Tuesday, August 4, 2009

Sweat Lodge - another oldie, but goodie

I just spent four days bonding in the woods with Shana and her Leadership Workshop gang. I'm still processing and trying to find the right words to capture the incredible experience (plus, a lot of it was very hush, hush, so I can't reveal any of the secrets), but my own old sweat lodge experience comes to mind.

Sweat Lodge

I signed up for a sweat lodge ceremony at a swanky spa, figuring that even with our great group discount, I should probably tear myself away from the lovely pool for a bit of enrichment. I thought a little pow-wow out in the desert with my sister and some of my book club friends would be a cinch anyway. Compared to the other rock climbing or boot camp activities, it sounded like even a pudgy out of shape 40-something might be able to handle it. I was wrong.

The sweat lodge wasn’t lodge-like at all, more like the size of a washing machine. We were supposed to squeeze ten of us in, like a bunch of big-haired clowns into a VW Bug. At least there was no big hair in our crowd. No make-up, no underwire push-up Wonder bras, no deodorant, jewelry, glasses or even a bobby pin was allowed. We learned in our pre-sweat lodge training the day before that a bobby pin might singe our skin. That should have been my clue to head back to the pool, but I didn’t. So, clad in our cotton clothes and cotton Scrunchis, we piled in to the tiny womb-like tee pee in the 100-degree Tucson desert and took our last real breath for a long time.

One of our guides was a Native American whose ancestors taught him the ancient rituals passed on during thousands of sweat lodge ceremonies, including requiring him to fast for seven days before leading us. The rest of us had fasted, too, sort of. We skipped lunch. We had also given up alcohol for 24 hours, maybe not a huge sacrifice, but for my book club, otherwise known as a drinking club with a reading problem, it was a big step. Our other guide was a white guy with a different, much more macho past, but equally perceptive and spiritual. With his encouragement, he somehow eased the second thoughts I was having as the white tarp closed and the bright, cloudless sky disappeared.

Thick steam and the smell of burning sage filled the space as our guides poured water over the hot stones. They described the significance of East, West, North and South and the debt we owe to our ancestors as well as to future generations. The whole Circle of Life theme continued as the sound of our voices starting circling around and one by one we expressed our intentions, regrets and gratitude. We did the A ho Mitakuye o’yasin chant as we listened to ancient beliefs as well as to our own more modern sad stories. I felt pretty guilty as the descriptions of broken relationships, abuse, illness, addiction and loss floated around me, leaving me little room to bitch about my own charmed life.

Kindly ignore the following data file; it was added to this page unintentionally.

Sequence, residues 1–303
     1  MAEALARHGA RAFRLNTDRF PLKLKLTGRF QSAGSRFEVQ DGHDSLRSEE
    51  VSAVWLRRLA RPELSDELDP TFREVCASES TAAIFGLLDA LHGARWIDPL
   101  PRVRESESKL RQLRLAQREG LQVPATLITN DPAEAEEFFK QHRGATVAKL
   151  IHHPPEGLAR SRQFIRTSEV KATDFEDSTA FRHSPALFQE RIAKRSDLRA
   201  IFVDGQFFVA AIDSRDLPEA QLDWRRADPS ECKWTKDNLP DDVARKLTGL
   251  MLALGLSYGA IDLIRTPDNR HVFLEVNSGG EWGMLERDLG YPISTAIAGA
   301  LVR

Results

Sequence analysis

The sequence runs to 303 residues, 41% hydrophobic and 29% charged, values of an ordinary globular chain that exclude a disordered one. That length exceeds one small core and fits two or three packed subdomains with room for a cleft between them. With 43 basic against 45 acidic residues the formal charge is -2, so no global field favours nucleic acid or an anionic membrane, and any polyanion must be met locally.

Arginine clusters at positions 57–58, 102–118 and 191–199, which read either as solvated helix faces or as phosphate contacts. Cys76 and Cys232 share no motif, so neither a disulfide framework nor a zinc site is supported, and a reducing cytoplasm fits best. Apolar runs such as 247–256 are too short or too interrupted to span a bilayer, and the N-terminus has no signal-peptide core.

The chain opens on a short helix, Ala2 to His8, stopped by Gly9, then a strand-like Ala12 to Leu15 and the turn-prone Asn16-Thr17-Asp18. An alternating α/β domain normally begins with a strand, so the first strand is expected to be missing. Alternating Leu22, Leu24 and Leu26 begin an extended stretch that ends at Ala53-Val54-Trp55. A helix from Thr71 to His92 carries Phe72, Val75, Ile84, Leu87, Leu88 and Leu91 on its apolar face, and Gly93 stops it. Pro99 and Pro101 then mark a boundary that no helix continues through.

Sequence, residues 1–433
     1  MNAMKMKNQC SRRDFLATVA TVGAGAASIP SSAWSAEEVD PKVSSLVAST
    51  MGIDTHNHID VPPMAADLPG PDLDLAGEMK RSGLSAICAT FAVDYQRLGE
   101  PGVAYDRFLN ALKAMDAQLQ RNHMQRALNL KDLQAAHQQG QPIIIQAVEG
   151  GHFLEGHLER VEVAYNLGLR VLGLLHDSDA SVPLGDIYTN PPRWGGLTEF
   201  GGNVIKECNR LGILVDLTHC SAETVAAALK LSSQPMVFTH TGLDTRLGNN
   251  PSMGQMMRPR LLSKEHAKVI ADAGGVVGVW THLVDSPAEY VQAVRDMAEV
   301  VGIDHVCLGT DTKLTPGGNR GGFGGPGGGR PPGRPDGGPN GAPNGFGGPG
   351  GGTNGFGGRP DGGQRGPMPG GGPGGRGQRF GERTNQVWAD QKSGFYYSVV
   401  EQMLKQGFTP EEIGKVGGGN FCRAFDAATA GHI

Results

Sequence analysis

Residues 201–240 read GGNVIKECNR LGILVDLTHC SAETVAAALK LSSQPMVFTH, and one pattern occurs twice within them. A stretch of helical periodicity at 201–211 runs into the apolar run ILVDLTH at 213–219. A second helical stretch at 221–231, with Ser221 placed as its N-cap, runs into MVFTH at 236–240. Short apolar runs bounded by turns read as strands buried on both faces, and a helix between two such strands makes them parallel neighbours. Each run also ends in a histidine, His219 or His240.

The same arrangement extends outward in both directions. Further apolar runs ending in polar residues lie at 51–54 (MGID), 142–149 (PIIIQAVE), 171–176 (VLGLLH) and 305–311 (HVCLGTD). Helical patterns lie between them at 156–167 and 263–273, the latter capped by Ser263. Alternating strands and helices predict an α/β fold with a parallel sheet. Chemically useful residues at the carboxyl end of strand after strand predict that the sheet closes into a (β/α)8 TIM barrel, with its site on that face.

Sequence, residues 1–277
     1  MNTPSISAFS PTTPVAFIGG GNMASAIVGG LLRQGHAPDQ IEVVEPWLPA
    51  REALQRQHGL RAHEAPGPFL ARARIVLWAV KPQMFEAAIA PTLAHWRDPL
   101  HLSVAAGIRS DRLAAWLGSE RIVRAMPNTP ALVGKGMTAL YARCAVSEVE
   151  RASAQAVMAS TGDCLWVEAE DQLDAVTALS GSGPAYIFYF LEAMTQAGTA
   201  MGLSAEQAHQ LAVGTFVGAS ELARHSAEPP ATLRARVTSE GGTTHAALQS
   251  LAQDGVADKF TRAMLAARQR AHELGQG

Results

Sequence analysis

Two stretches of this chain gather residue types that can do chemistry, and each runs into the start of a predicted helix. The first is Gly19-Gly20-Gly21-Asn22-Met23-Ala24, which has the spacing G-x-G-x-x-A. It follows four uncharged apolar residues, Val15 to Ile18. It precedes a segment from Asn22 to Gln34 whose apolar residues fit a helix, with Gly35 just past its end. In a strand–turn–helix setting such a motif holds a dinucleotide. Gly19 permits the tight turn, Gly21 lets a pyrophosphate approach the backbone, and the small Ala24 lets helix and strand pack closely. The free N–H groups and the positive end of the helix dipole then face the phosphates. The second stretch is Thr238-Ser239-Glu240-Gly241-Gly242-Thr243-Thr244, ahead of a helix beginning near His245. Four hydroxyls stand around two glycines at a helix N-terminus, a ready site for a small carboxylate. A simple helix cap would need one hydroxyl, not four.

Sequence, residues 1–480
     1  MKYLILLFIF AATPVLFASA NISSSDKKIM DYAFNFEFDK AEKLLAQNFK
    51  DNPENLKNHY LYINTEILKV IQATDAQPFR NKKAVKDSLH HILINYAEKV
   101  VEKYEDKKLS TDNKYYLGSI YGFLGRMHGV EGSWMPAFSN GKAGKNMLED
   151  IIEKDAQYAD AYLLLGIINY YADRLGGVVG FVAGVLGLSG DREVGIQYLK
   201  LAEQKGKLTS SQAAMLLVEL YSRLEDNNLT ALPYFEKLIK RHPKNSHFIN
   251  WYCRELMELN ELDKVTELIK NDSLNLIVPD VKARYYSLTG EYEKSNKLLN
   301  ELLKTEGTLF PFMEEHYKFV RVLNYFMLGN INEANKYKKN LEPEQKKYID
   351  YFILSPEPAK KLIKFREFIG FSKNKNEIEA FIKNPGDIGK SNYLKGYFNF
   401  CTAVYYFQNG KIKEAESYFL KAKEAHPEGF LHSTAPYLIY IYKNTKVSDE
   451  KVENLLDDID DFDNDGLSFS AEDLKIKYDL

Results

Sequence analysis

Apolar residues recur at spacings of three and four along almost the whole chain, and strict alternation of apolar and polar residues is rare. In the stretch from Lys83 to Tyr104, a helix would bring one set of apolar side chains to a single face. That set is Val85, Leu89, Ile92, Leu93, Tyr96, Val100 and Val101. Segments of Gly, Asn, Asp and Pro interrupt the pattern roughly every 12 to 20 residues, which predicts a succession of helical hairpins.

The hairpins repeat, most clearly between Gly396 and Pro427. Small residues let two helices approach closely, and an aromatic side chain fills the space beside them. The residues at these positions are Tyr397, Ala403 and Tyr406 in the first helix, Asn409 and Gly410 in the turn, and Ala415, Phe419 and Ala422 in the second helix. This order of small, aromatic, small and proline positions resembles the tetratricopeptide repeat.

The ceremony continued as we all turned into one puddle of sweat and tears in order to somehow purify, cleanse and start over in the tiny suffocating fort. I started to just sit silently and skip my turns, thinking that the circle would move along faster and hopefully get me out of the unbearable heat more quickly. It became clear that the lesson from this torture was that I could learn more from listening rather than my usual me me me approach. As the others prayed and as the air became thicker and thicker, my own non-religious but spiritual self started praying, as well, to whatever God we atheists are supposed to pray, to help me, too.

I tried to move a little, bending over deep because it was easier to breathe down low. It was pitch black and I poked the tips of my fingers behind me under the heavy tarp to feel some real air. The only thing keeping me from racing out of there, besides the searing hot stones four inches from my face, was that I didn’t want to be the first one to give up, knowing that if just one person escaped that inferno, it would somehow break the trance. I kept praying to God to get me out of there, getting more and more desperate, promising anything - to save the world, volunteer, exercise every day, stop eating high fructose corn syrup, anything, to just get out of there.

Three hours after going in, the thick white flap was opened. The glaring sun was gone, replaced by a cool, dark night. We all sort of silently drifted out and stood still, disoriented. I walked through the quiet desert back to reality and joined the other half of my book club, the superficial spa pigs that turned down the sweat lodge opportunity for some not quite the same eucalyptus massage instead. I tried to explain how it was the most meaningful and physically exhausting experience in my life. I tried to describe all of my new lofty aspirations. They all just said that my skin looked great, like I had just had a really good facial. My not yet cured me me me persona kept at it and tried to pass on the beautiful chant we learned - A ho Mitakuye o’yasin. I said it a couple of times, then slowed down for this already two glasses ahead of me group. “A ho, okay? A ho Mita…” All I heard was, “Did you just say ho? Who you calling a ho?”

I gave up and said, “Pass the wine.”

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